Some of the best sifus that I know shoot with the most humble equipment, such as a small 24mm prime and a humble manual focus 75-150mm f/3.5 lens which makes it easier to lug around, especially if they're seasoned travel/landscape photographers like Galen Rowell. I also read a blog post where another photographer is looking forward to dump his fourthirds gear in return for a Micro43rds Panasonic GF1, and a Panasonic 7-14mm/4 and 20mm/1.7. Some also revert back even further by shooting with hardy film cameras such as an Olympus OM-1 and a Zuiko 50mm f/1.4.

They also emphasize the basics of good technical skill and artistic creativity, because without the basics, we'll continue to produce digital garbage from whats essentially a dumb box which lets light inside. It can be as simple as the techniques of how to press the shutter and hold your camera properly to obtain absolutely sharp images at 1/15 sec and lower. OK, its not applicable all the time, but if you'd like to use lower ISOs to reduce noise at the expense of lower shutter speeds, that may be the only option for you.

I sometimes see albums posted on Facebook with the caption "Simply snap only", or "Bang Bang Bang". Are we that shallow? If a true sifu was among us, he would compel us to ask these questions: How would the lighting affect the clarity and mood of the photograph? How fast should the shutter speed be? How large a lens opening should be used? (more often that not, we suffer from a lack of subjects in focus because we're spoilt with using large aperture lenses that limit our depth of field). What belongs in a frame and what doesn't? What lens should be used? For most of us (myself included), we ignore all these questions, snap and continue filling our ever expanding 64GB CF cards with more and more digital garbage.

Their expertise and experience isn't limited to photography only. They sometimes go out of their way and treat their disciples as friends. We can share freely about issues that trouble us, and discuss ways to build each other up instead of tearing each other down like what some other pros do to each nowadays. Nothing's feels better than sitting down with your sifu with a cup of teh tarik at your local mamak store talking about life :)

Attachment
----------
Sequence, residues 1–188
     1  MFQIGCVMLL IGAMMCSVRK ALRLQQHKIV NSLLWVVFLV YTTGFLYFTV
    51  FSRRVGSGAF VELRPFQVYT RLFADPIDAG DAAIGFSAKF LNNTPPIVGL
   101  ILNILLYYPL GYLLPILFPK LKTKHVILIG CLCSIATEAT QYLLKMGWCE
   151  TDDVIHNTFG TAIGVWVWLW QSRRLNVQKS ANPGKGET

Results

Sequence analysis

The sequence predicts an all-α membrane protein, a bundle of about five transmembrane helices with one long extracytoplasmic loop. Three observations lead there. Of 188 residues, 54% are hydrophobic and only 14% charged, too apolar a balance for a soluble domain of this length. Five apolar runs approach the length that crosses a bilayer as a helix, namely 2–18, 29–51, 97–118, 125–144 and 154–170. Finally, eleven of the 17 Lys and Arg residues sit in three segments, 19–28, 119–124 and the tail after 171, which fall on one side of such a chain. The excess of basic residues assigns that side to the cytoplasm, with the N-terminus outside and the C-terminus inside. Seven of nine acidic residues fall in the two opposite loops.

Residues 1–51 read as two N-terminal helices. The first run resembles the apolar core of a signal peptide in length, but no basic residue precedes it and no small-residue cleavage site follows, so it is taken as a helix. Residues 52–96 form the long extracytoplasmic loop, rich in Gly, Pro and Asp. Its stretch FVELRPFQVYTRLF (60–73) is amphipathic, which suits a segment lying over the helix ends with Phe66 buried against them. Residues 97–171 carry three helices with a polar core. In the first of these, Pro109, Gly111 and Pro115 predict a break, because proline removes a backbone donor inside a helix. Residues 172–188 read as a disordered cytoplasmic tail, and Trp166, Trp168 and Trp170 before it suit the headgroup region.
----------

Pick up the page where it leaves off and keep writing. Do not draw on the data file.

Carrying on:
And fortunately, these sifus aren't lured by goodies or charge exorbitant tuition fees to their students. They genuinely want to take in students who have a keen eye and a willing heart to learn, instead of those which have a 'get rich quick' attitude. It's a far cry from how our dear Prime Minister liberally threw millions of ringgit (which is actually our hard earned tax payers money) to the people of Sibu in the recent by election.

They also uphold commendable virtues, such as honesty, self respect, and being hard working. They also respect the subjects that they're photographing. I've mentioned this before, but I'll mention this again. Olympus visionary John Isaac says - I am a human being first and a photojournalist second. Never take away someone's dignity, just as I would not like someone to take away my dignity. 

Indeed, one of the best advice one of my sifus told me was "Don't become a (full time) photographer, you'll be going through the school of hard knocks in no time!"

Friends, if you have a good mentor whom you respect, treat them like gold and do not take them for granted. Keep in touch with them once in a while even though you may not see them, and honestly complement their work. They are hard to come by, and once you've realised what you've lost, it might be too late.



RustieZac said...

Very meaningful.

weng yap said...

well said. many people think after they shoot but not think before they shoot, that's much difference

david chua said...

You have highlighted the most important facts in life that typical "its-not-my-business-so-i-keep-quiet" kind of Malaysians have always been avoiding.

It is about time that we should realize we are just like "mannequins"!

Lance said...

I fully understand what you are trying to say here but I disagree with your first point from a certain point of view. No offense but different people different views.